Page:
“If You Ask, I Will Go” | Dolores Eyler Enters COM Hall of Fame

“Everyone has a story to tell,” Dolores Eyler (B.A., 1971) muses, when asked what students should know when they decide to become communicators. And during Eyler’s decades and country-spanning journalism career, she has worked tirelessly to tell hundreds of them.

In recognition of Eyler’s dedication to community journalism, the Communication Department will induct her into the 2017 class of its prestigious Hall of Fame.

Eyler has an extensive background in feature reporting, including working on the Seattle Post Intelligencer, the Santa Monica Evening Outlook, The Oregon Journal, and the Rocky Mountain News. She also helped start a community newspaper in Winnetka, Illinois, and was the founding editor/publisher of The Rye Record in Rye, New York. Currently, she is a business trainer via role-playing for Performance Plus in the New York City metropolitan area. She also taught in the public schools in Rye, New York.

As a result of having moved so often due to family business opportunities, Eyler explains, she has discovered “that every single person, in every single place, has a story to tell.”

She also added that having to frequently change locations is a personal obstacle that has dogged her journalism career, since the seventh grade. “I was on the staff of the school paper and became the youngest member of Quill and Scroll  [a celebrated honor society for student reporters] in the country,” she said. “Named editor for the following year, I had to decline, as my family moved due to my father’s job as an Army officer. That was just the first of many times I had to give up a journalism job and move. Later, it was because of my first husband’s (also a UW grad) school and career. Fortunately, I was always able to find another job in the field, and never gave up my love of journalism and writing.”

She encourages any aspiring journalist to not be deterred by challenges, insisting that she always was able to use her contacts and determination to land behind a news desk. “Newspaper editors are usually open to new writers who are willing to take on any beat,” she declares, “get in there and say you will do it, and do it with a positive attitude!”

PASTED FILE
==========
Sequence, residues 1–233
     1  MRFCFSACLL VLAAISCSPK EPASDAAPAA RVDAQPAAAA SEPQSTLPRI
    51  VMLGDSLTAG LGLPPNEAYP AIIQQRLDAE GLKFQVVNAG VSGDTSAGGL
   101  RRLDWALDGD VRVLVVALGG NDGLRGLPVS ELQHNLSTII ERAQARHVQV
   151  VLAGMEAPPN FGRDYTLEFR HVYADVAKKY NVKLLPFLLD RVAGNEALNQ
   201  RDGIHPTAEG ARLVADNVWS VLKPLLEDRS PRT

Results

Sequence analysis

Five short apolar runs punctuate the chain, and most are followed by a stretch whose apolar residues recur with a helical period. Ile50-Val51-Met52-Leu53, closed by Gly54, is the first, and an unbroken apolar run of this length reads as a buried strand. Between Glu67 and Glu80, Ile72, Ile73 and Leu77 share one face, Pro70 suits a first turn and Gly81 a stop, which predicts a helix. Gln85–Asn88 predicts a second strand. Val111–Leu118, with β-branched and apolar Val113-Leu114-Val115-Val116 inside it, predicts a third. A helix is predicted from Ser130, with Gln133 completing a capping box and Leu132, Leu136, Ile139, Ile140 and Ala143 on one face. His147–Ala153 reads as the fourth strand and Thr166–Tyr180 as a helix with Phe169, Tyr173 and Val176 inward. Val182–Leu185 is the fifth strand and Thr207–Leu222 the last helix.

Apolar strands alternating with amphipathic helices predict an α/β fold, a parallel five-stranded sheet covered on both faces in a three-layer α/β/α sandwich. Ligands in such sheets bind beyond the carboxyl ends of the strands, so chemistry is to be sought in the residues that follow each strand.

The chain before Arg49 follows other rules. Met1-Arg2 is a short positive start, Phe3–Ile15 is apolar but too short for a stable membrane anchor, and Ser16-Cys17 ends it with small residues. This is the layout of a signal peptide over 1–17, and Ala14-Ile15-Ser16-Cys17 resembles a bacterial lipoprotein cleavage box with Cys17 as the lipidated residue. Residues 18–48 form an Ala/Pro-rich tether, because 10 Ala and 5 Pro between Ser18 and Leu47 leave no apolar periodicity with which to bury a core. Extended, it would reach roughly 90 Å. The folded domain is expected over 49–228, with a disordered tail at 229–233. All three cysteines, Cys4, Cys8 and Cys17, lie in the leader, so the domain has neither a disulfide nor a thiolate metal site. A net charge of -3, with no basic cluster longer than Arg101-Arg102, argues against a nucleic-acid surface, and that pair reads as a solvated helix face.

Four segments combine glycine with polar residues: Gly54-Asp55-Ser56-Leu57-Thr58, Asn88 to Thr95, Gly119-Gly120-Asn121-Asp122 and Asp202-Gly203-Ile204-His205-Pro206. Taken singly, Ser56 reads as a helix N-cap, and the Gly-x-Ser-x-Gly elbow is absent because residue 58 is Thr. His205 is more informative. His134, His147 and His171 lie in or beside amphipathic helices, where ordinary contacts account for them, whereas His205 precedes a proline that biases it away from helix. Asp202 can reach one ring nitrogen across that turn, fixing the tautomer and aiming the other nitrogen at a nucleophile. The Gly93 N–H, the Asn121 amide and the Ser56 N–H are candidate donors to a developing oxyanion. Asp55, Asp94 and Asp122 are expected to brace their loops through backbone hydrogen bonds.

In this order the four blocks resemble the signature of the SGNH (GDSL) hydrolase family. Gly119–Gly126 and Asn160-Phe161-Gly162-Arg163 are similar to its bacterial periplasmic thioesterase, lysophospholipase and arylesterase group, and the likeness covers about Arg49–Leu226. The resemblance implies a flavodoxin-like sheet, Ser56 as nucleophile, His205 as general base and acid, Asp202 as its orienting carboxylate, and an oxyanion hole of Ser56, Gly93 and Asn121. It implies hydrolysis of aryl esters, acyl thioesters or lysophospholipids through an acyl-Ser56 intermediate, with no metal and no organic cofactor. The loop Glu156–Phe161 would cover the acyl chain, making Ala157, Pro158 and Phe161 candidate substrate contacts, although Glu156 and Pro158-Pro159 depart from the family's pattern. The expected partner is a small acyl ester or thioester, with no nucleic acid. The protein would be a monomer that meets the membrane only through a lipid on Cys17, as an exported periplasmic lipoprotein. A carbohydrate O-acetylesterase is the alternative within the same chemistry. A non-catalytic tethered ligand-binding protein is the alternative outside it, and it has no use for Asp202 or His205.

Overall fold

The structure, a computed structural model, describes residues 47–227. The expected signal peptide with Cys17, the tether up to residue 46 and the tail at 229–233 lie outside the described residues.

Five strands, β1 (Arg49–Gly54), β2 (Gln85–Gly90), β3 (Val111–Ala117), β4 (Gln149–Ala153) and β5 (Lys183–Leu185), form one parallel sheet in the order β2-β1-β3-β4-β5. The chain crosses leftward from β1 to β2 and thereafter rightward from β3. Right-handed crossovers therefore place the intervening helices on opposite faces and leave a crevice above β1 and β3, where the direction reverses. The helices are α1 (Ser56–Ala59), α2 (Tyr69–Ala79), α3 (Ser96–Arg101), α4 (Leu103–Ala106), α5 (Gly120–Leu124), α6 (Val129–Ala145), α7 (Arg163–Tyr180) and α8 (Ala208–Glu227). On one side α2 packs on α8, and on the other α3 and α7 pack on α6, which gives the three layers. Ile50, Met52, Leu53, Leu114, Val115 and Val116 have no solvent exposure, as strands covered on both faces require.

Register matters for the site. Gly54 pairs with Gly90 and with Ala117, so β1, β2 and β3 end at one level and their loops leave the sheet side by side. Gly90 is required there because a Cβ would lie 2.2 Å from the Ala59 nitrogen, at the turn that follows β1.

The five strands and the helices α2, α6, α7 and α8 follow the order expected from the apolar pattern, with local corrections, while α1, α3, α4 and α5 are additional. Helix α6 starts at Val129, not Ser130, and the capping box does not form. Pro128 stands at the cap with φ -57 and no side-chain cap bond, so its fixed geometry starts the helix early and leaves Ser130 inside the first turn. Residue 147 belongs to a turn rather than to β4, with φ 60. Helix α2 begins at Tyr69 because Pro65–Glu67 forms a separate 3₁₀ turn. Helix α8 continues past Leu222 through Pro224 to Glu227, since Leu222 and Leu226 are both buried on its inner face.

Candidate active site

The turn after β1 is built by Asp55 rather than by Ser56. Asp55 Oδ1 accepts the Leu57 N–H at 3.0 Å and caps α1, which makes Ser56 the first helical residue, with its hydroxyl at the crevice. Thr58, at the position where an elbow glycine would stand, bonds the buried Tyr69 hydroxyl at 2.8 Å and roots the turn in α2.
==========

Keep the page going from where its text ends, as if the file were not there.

Reflecting on her time at the University of Washington, she says one of her most important lessons came from a group of students from another discipline. “[They] came in to conduct an unknown experiment on us, trying to get us to change our opinion on a major issue,” she remembers. While most of the students reversed their original position, Eyler remained unswayed.  “After we were told it had been a ruse, I was very glad I had stuck to my original opinion,” she says, “and that lesson stayed with me. Believe in what you know to be right and true.”

Eyler also says that the Department played a large role in help launching her professional career. During her sophomore year, her professor, a Seattle Times editor, was asked by another an editor at the Seattle Post Intelligencer, to recommend a student hire. The professor selected Eyler.

“I laughingly say I should have engraved on my forehead, ‘If You Ask, I Will Go,’ because I am usually up for anything,” Eyler muses. “My tombstone should probably read, ‘She Was Curious.’ To be a journalist is a joy, because you can go almost everywhere and ask almost anything, and it is acceptable.”

She adds, however, that in addition to the thrills of chasing a story, aspiring journalists should expect to work hard. “They should be willing to do almost any job, if they can just get their feet in the door,” she says of students. “No matter their education or experience, [they should] be willing to start at the bottom, if necessary, if it is the place they really want to be.”

In addition to her work as a journalist, Eyler has been an active volunteer (and formed book clubs) wherever she has called home, including Santa Monica, Portland, Denver, the Chicago area, and, currently, New York.

“Joining community organizations was a wonderful way to meet good, giving people after each move. But of course, it is more than that,” she ruminates. “I have often wondered what makes for a good life… is it being happy? Successful? Experiencing new things? All of those matter. But giving of oneself to others is the key to all. Selfishly, it just feels good.”

Eyler currently volunteers with the New York State Prison System. Some of her past and present boards include Oregon National Public Radio, the Denver Art Museum Auxiliary, the League of Women Voters, the Rye YMCA, the Posse Foundation, Operation Respect, Rye Arts Center, the Rye Library Auxiliary, and has served has a four-time elder for her Presbyterian church.

She recounts a time with the Posse Foundation, an organization that trains inner city, top student high school leaders in groups, or “posses,” and sends them on together to good colleges, as particularly enlightening. “I met with a group of them while visiting my own son at Vanderbilt,” Eyler recalls. “We gathered in a dean’s office, and after a nice visit, I asked them to coffee. They ALL declined. When I clarified that I was treating them, they accepted. That was an incredible eye-opener for me… that we can give people a lot, but sometimes it is not enough for them to live a normal life, and even afford a cup of coffee.” She says the experience inspired her to establish ongoing funds for Posse students, as well as communication students at the University of Washington.

Having worked for and with a variety of organizations throughout her career, Eyler says she feels the most successful when she has learned, experienced, or seen something new.

“At this point in my life, I only write when I feel like it, and it is always feature stories of local people in Rye,” she explains. “But when I do, I am again reminded – everyone has a story to tell.”